Underwriting questions

So, you’re ready to get a quote on your home insurance. Great! Depending on the age and construction of your home, we may need to ask you some underwriting questions during the quoting process. The most common underwriting questions we may ask are listed below. In some cases, your answers to the questions will affect whether the provider can insure you. In other cases, it may simply affect the rate you are charged.


Do you currently have an active home insurance policy?

If you have insurance history, then your premium may be lower. That’s because you may qualify for any claims free discounts including in our pricing.

In the past 5 years, has an insurance provider: (1) cancelled your policy; (2) refused to renew your policy; (3) imposed conditions on your policy; or (4) required repairs to the home that are not yet completed?

If an insurance company has cancelled (or refused to renew) your policy, you need to tell us. Perhaps it was simply because they no longer wrote business in the area in which you live, or it could be due to the number of claims you’ve had. This could have a bearing on whether another company can insure you, and if so, what rate to charge.

Is a business conducted from the home?

If you’re operating any sort of business from your home, you may need some extra protection. You’ll need to tell us if the business involves the application of heat, the use of any specialized tools, or whether you have any employees, among other things. Depending on the type of business, you could be at an increased risk of a loss. For instance, if you’re doing welding in your garage, there is a higher risk of fire.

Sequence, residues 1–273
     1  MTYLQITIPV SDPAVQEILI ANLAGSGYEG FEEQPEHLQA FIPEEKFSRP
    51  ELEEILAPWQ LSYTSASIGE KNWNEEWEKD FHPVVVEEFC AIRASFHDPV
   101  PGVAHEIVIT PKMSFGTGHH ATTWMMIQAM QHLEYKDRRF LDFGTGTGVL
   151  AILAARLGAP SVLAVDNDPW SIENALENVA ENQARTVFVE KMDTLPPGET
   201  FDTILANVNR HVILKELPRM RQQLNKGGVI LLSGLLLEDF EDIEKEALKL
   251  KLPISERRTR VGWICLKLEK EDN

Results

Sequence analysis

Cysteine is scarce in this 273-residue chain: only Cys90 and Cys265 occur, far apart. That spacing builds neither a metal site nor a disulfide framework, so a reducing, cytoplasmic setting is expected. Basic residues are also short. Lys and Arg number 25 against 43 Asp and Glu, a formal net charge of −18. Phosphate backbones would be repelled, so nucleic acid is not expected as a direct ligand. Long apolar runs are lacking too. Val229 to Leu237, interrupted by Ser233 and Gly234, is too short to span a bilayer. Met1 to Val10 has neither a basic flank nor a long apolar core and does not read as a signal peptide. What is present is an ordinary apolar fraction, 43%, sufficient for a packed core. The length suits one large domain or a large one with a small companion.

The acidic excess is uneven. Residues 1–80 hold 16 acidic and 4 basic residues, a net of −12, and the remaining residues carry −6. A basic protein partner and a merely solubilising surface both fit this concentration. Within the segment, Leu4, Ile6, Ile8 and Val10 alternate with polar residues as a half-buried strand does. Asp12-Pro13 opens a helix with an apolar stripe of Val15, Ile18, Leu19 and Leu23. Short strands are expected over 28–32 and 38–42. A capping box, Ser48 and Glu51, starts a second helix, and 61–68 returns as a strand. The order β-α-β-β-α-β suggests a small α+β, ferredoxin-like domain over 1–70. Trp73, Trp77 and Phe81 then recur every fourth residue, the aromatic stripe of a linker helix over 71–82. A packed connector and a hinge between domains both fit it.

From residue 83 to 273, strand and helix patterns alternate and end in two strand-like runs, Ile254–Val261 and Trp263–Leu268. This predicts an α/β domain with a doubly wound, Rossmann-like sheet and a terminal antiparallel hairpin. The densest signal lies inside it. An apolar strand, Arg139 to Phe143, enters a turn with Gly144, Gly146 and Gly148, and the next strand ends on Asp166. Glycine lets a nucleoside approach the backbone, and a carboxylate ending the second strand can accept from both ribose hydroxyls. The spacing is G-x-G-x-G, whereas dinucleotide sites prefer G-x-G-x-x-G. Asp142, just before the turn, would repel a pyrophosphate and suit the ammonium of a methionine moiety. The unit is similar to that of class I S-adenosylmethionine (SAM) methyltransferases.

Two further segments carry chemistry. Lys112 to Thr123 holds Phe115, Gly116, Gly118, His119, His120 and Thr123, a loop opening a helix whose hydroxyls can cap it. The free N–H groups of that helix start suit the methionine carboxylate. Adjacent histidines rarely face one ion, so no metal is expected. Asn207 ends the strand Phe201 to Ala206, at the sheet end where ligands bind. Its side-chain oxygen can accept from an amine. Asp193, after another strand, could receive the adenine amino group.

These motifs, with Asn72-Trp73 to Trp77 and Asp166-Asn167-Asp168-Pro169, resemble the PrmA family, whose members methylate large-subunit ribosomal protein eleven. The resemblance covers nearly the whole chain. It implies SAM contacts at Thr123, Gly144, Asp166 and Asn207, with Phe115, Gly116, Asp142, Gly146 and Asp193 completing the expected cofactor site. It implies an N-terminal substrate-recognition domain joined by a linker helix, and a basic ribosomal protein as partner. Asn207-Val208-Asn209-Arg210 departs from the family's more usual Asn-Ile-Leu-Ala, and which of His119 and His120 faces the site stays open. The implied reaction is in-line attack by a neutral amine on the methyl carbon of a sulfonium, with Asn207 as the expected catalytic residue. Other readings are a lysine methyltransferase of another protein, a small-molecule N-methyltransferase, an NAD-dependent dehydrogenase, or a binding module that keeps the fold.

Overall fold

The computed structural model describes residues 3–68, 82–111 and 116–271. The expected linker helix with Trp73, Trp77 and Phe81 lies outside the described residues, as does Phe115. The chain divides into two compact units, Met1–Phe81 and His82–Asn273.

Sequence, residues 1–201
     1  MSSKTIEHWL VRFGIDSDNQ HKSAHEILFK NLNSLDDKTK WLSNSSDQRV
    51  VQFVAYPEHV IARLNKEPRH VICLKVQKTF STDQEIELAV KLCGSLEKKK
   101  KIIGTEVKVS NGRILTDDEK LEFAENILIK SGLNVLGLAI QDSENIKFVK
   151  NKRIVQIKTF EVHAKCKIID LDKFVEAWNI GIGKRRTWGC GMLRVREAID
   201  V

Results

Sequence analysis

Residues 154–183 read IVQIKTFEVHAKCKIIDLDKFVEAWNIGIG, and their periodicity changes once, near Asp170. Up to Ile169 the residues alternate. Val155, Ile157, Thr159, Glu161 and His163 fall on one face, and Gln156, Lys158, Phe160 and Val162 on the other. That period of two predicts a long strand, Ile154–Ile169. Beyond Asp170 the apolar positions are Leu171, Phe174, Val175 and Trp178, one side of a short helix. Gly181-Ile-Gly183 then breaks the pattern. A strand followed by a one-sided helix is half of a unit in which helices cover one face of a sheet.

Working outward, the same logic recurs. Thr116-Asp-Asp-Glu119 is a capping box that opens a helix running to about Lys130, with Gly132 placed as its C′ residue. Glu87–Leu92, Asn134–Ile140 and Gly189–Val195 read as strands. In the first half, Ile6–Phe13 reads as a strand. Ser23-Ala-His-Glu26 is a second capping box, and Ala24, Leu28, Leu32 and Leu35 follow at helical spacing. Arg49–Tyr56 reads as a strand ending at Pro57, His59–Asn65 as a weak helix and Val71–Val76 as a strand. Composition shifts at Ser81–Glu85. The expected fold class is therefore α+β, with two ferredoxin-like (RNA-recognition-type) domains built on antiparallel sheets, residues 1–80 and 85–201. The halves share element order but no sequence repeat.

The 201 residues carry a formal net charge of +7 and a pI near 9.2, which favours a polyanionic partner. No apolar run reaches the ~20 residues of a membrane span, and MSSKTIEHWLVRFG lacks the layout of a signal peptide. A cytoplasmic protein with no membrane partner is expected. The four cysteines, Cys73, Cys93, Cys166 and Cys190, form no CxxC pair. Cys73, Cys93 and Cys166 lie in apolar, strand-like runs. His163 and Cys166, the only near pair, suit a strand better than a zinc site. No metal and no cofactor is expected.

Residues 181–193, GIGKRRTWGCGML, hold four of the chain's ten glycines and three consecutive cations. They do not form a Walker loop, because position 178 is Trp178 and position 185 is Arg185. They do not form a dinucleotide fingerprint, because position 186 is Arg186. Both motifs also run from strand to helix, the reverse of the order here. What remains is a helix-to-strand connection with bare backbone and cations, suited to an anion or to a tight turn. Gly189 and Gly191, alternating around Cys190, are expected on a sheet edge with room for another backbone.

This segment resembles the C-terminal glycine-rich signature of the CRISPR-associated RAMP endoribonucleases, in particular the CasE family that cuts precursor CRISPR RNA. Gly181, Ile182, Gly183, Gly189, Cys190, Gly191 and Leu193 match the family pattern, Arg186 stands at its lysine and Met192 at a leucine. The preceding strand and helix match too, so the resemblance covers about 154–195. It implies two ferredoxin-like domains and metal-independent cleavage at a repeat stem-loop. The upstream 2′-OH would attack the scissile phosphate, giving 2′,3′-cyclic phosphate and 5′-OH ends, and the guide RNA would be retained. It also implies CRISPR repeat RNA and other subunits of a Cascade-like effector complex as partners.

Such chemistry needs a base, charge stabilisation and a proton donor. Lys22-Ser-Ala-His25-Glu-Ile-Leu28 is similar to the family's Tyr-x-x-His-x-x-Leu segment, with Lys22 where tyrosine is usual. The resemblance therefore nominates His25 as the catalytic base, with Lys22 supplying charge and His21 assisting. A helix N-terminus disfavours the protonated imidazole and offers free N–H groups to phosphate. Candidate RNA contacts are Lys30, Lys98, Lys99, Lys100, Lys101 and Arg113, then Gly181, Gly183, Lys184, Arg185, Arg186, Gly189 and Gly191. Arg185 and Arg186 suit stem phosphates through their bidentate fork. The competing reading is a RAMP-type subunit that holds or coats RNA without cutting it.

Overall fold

Does your household include any dogs?

Certain dog breeds have shown an increased risk of biting or attacking, which can result in expensive lawsuits. Some insurance providers have decided not to offer coverage for these breeds, but we have options available for most dogs who haven’t behaved aggressively in the past.

Do you rent any portion of the home to others? Or, is the home a rental property?

If so, you’ll need to confirm whether you have a rental agreement in place with your tenant. And, we’ll want to ensure there are separate entrances for each family living in your home.

Are there any roomers or boarders sharing your living unit?

A roomer or boarder is someone who rents a room in your home, and shares other parts of the home with you. None of their belongings are covered in your home policy. They would need to obtain their own tenants policy.

Do you participate in home sharing programs, like home exchanges or short-term rentals?

If you participate in home exchanges, you’re allowing strangers into your home, so insurance companies may consider this a slightly higher risk. There may be some adjustments made to your policy to accommodate this.

Is the home under construction? Or, is it unoccupied and undergoing major renovations?

If so, you’ll need to tell us who is doing the work. And, you’ll need to confirm that you are using a licensed general contract, who carries both workers’ compensation and commercial general liability coverage.

Does the home’s exterior show signs of: (1) rotting wood; (2) peeling paint; or, (3) deteriorating bricks, siding and stucco?

If your home is in need of repair, we may want to discuss your plans, before we can provide a policy.

If the home is older, is it a designated heritage property?

If you own a designated heritage property, you have special insurance needs. To make sure you have enough coverage, we’ll need to know what heritage restrictions impact your home. For example, you may be obligated to restore the home to its original condition, which can require more coverage due to increased costs.